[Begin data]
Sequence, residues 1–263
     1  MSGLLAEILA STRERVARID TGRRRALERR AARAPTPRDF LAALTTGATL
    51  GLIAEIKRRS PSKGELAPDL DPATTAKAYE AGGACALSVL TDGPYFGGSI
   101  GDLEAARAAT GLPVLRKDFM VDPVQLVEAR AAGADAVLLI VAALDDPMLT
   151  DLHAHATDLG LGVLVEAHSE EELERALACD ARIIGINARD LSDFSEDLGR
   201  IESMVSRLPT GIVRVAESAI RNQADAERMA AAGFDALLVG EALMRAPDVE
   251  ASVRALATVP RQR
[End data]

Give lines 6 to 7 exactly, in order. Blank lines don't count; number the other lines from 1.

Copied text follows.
   201  IESMVSRLPT GIVRVAESAI RNQADAERMA AAGFDALLVG EALMRAPDVE
   251  ASVRALATVP RQR